ECHO (ECHO) - 08.29.18

Overview | Description | Applications | Operations | Results | Publications | Imagery

ISS Science for Everyone

Science Objectives for Everyone
The purpose of the ECHO investigation is to evaluate a tele-operated ultrasound system, equipped with motorized probes that are controlled by flight controllers on the ground. Additionally, this investigation serves to perform the commissioning of the Echo instrument, which is planned to be used for the Vascular Echo experiment in the future.
Science Results for Everyone
Information Pending

The following content was provided by Didier Chaput, MEng, and is maintained in a database by the ISS Program Science Office.
Information provided courtesy of the Erasmus Experiment Archive.
Experiment Details


Principal Investigator(s)
Didier Chaput, MEng, Centre National d'Estudes Spatiales, Paris, France

Richard Lee Hughson, Ph.D., University of Waterloo, Waterloo, Ontario, Canada
Philippe Arbeille, M.D., Universite Francois-Rabelais, Tours, France

Centre National d'Etudes Spatiales, Paris, France

Sponsoring Space Agency
European Space Agency (ESA)

Sponsoring Organization
European Space Agency

Research Benefits
Scientific Discovery, Space Exploration

ISS Expedition Duration
September 2016 - February 2018; October 2018 - April 2019

Expeditions Assigned

Previous Missions
Information Pending

^ back to top

Experiment Description

Research Overview

Several tele-operated ultrasound systems were developed and tested on Earth, and on board the International Space Station (ISS). The ECHO investigation tests a more powerful, and easy to use, ultrasound system to provide new opportunities for experimentation aboard the ISS.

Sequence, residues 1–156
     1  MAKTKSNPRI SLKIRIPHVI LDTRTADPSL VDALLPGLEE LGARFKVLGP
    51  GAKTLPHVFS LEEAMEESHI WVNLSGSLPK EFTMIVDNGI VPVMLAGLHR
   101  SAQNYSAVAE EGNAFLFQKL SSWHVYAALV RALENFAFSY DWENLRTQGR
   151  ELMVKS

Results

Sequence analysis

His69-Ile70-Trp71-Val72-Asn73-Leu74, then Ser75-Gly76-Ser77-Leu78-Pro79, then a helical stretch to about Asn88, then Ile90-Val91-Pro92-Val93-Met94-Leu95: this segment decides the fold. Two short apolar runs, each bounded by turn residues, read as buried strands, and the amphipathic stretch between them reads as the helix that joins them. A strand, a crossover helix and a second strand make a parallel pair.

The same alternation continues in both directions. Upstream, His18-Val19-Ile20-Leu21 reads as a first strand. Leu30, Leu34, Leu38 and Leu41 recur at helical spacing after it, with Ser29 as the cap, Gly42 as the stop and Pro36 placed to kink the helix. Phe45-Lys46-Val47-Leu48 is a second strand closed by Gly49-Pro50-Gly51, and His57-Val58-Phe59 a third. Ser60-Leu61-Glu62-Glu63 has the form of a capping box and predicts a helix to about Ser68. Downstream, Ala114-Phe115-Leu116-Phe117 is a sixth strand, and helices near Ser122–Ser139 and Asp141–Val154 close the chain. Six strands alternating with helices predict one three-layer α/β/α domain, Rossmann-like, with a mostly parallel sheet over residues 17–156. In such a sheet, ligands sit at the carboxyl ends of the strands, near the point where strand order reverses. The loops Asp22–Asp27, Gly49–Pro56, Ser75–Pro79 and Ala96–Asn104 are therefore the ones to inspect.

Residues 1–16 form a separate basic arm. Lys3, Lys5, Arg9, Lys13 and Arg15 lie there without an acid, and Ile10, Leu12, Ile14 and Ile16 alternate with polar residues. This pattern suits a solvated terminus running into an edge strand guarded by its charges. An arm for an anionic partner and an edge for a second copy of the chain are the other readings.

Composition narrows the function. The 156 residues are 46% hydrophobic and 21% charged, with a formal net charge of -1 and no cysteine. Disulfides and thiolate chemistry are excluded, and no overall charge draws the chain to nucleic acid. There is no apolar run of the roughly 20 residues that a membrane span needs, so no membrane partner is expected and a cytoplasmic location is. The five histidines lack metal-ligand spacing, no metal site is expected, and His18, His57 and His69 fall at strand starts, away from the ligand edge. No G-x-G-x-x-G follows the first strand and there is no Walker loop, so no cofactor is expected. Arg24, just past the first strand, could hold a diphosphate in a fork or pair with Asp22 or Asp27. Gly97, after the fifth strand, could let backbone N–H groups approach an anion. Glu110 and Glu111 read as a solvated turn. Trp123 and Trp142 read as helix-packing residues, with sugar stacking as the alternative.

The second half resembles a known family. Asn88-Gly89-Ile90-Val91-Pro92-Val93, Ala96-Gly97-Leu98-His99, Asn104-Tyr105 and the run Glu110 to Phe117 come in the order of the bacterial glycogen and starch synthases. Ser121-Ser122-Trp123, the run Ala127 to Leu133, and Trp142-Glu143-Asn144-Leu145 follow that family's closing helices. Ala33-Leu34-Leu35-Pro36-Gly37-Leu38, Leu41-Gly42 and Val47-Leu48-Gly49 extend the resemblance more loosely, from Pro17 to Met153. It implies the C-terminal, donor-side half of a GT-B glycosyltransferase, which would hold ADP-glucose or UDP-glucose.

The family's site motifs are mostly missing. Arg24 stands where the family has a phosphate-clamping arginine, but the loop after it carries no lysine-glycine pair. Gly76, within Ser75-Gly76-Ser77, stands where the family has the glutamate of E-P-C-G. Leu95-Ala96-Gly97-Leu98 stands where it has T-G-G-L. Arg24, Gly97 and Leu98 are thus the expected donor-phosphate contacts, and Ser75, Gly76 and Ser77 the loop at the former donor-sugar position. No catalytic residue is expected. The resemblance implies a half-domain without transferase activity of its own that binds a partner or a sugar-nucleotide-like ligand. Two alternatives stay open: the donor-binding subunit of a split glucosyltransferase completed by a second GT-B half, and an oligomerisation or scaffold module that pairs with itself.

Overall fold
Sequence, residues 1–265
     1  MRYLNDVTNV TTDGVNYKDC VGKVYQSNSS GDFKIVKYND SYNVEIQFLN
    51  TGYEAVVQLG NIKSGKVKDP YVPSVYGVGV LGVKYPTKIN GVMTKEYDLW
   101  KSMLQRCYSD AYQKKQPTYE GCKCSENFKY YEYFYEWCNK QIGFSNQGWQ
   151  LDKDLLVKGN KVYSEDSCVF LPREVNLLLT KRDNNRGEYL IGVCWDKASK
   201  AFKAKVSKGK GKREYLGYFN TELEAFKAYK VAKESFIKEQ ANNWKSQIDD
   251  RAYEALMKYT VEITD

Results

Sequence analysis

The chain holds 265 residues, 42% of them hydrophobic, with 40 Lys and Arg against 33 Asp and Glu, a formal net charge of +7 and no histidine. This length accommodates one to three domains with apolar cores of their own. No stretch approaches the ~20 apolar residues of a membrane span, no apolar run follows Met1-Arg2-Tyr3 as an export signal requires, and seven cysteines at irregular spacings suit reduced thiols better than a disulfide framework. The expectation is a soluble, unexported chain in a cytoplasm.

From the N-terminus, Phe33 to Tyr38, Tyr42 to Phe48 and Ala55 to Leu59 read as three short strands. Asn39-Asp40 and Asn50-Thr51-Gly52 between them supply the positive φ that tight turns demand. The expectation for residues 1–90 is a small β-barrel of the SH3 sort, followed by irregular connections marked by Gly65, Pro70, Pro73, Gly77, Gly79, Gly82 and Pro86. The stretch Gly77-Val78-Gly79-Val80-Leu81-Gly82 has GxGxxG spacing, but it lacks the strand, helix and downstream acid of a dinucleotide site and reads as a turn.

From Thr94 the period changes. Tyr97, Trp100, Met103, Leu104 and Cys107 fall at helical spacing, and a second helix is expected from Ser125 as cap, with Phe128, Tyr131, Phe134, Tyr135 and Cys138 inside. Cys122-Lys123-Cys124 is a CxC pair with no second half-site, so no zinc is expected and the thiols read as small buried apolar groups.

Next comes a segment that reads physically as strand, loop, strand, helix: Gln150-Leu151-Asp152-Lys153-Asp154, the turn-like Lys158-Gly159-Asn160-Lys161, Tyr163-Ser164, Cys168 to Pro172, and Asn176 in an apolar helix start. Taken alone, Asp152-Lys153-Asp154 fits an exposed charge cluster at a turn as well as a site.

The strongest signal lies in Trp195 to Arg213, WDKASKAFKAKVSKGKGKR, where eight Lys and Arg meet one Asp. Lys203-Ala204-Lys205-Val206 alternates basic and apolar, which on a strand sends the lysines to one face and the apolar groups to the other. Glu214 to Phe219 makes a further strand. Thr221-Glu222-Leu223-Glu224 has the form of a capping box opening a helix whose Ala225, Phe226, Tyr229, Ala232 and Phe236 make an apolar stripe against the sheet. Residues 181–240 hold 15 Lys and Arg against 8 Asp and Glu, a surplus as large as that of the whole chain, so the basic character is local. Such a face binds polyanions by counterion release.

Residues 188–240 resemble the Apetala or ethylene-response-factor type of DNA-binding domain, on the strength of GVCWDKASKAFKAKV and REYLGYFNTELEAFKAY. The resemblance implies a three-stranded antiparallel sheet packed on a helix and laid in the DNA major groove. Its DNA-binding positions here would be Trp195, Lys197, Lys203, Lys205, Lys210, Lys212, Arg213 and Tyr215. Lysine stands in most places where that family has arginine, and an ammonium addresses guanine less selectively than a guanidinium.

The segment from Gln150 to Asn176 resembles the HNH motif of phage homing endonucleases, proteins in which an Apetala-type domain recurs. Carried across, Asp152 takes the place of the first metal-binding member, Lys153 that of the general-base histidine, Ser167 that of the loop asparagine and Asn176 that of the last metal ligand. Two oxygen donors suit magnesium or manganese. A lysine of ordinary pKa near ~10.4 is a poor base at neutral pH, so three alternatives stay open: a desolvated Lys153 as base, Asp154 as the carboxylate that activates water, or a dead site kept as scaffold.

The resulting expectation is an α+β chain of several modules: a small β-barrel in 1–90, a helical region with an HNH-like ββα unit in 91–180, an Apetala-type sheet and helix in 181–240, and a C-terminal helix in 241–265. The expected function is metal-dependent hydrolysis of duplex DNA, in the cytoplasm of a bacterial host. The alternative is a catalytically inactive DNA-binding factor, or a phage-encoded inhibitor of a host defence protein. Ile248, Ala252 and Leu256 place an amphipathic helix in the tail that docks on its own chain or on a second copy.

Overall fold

This new generation of tool allows remote use of the instrument, so that an expert on Earth can operate the fine movements of the probe, and receive a high quality image for analysis. For the crew member on ISS, only knowledge of anatomy is necessary to place the probe on the area to examine. Crew members can follow the ultrasound on screen and talk to the expert on Earth through simplified communications link. A major goal is to provide high-performance equipment with an excellent image quality and responsiveness of the ultrasound probe, to provide a fast and precise medical diagnosis.

Information Pending

^ back to top


Space Applications
Information Pending

Earth Applications
In the field of telemedicine on Earth, tele-operated scanners can bring improved progress in the medical management of remote areas (rural areas of developed countries, or developing countries). With an assistant on site in remote areas able to accompany the patient and manage the interface with the system, information can be shared with experts in other locations for a diagnosis. The principle of a tele-operated ultrasound system has already been successfully tested in France and Guyana, and it is this feedback which helped to integrate the improvements that will be tested as part of ECHO.

^ back to top


Operational Requirements and Protocols
Information Pending

^ back to top

Decadal Survey Recommendations

Information Pending

^ back to top

Results/More Information

Information Pending

^ back to top

Related Websites

CNES Proxima Mission Website (in French)

^ back to top